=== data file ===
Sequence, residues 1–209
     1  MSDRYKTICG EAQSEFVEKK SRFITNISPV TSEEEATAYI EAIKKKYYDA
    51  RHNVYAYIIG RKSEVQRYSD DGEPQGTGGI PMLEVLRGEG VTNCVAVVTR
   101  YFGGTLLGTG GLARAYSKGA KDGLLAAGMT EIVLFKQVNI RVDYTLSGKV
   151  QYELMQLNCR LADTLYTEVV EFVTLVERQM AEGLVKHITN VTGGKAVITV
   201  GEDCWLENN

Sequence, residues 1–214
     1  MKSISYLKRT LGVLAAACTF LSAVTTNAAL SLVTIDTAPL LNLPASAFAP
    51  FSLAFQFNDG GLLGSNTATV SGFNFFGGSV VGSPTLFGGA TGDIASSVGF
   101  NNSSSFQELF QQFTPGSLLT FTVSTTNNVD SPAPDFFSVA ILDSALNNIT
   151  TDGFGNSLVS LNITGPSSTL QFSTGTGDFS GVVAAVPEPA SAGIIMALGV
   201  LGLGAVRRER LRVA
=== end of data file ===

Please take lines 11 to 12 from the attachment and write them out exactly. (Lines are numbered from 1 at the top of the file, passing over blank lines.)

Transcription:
   151  TDGFGNSLVS LNITGPSSTL QFSTGTGDFS GVVAAVPEPA SAGIIMALGV
   201  LGLGAVRRER LRVA